The Rope Was Used To Haul The Corner Stone By the Boy & Men Of Richmond.
You have to love relics and souvenirs like this; remembering way back, or reading about an event is one thing, but to look upon a object someone was sentimentally moved to save really pulls you into to that time again.
The corner stone for General Robert E. Lee’s Monument was placed on site October, 27th, 1887. Huge amount of local families as well as many old Confederate Veterans lined the Streets to see this grand event, and even more impressive was allowing the “Boys & Men of Richmond” to haul the corner stone into place. I wish the person who thought so highly of this occasion would have left his name with us, but did leave this original section of rope used that day, and a souvenir ribbon that commemorated the event.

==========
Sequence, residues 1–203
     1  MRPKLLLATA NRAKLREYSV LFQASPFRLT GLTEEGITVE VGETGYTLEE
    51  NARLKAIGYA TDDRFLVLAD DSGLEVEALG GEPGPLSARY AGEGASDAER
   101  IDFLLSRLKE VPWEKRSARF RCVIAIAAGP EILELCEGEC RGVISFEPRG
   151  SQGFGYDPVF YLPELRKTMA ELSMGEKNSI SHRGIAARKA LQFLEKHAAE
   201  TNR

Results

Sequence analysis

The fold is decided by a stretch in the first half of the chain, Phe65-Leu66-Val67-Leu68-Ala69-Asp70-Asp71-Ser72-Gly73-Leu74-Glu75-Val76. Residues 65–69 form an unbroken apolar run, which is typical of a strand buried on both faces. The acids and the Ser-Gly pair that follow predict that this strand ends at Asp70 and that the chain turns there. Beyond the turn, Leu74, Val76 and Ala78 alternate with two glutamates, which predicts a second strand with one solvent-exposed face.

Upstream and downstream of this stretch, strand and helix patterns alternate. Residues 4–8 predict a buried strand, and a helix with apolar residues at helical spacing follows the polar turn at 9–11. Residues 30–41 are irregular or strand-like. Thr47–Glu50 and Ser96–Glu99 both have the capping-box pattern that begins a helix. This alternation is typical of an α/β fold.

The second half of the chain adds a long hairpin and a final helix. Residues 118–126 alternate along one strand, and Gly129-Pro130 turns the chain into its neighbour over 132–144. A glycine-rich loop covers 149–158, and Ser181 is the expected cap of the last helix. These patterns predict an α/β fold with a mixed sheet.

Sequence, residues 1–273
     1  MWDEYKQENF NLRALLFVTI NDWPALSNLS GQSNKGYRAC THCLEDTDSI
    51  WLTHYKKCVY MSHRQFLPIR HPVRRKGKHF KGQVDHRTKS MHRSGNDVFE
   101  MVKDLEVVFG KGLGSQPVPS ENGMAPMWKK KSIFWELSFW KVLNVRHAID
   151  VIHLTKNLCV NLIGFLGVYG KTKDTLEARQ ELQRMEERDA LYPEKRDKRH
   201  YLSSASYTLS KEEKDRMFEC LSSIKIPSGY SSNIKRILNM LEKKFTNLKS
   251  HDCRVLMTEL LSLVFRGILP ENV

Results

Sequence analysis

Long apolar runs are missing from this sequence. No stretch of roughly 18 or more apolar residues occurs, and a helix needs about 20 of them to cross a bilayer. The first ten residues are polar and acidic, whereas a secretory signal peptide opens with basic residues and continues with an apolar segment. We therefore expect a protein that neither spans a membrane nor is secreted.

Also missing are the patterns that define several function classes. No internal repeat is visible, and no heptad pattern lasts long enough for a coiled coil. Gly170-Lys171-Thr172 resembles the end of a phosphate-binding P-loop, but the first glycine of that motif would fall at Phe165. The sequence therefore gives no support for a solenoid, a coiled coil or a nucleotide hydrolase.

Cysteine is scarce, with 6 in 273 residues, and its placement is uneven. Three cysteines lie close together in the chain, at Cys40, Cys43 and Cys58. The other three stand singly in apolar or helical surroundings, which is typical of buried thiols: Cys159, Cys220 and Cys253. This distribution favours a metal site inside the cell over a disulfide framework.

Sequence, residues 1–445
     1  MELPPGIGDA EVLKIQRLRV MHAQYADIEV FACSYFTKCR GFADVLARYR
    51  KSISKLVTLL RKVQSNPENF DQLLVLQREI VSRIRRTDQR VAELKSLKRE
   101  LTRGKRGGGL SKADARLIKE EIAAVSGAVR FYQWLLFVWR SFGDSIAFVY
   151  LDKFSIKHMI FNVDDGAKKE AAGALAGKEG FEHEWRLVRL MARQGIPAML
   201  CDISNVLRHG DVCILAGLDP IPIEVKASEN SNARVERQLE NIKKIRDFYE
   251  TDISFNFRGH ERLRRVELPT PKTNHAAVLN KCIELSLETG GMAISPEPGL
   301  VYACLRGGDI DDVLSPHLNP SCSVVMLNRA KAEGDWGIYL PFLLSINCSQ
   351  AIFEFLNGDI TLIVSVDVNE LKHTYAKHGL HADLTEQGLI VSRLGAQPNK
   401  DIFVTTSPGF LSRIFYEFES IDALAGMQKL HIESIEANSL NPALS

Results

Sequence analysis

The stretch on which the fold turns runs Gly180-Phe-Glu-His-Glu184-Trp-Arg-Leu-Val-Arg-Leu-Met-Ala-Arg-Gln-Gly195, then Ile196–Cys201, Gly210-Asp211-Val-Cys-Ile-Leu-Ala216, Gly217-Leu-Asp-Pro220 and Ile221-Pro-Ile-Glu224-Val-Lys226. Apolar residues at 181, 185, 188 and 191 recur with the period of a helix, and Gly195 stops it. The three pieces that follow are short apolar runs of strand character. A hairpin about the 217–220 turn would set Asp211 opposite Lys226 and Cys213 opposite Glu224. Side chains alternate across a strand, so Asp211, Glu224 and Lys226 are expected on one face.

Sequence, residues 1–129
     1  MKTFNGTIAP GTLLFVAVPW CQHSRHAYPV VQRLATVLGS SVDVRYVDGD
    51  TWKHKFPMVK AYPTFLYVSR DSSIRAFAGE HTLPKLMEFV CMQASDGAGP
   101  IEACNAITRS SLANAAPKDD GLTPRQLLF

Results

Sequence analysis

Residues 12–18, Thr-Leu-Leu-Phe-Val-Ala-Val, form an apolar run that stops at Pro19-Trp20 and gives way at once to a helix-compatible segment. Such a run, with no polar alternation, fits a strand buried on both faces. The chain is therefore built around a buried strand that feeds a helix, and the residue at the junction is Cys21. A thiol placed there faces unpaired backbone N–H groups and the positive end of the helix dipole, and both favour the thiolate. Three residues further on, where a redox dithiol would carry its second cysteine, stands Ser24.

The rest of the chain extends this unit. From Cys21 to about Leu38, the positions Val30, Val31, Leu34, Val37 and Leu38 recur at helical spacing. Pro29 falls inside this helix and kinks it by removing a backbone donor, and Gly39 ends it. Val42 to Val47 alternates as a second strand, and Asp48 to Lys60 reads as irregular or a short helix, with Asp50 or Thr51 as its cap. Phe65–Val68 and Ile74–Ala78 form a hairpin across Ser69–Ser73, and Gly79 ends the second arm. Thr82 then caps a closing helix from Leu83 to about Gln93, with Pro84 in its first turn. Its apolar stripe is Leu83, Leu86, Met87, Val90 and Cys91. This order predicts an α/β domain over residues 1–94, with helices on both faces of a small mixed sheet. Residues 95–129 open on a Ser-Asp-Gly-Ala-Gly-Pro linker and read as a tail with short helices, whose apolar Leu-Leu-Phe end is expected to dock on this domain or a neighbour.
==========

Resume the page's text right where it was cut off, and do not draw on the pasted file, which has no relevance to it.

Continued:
The light gray silk ribbon is 2 1/4 inches wide and nearly 7 inches long; lettering is in red and the bust of Lee in Black, with a facsimile signature below the bust. There are some traces of paper and glue on the reverse side from when the ribbon was once placed in an album. The glue is not affecting the front surface.
The rope or hemp was wrapped in some business paper, and then placed in the small envelope 2 1/2 x 4 inches approximately. One the inside paper used as wrapper, in period ink, “Lee Monu/ment.” On the envelope, “Piece of Rope by which the boys & Men of Richmond hauled the Lee Monument in Place.”
General Lee had passed away some seventeen years since the monument was raised in his honor. Probably one, if not the most beloved individual from the southern United States in our history.
USPS First Class Mail $5.00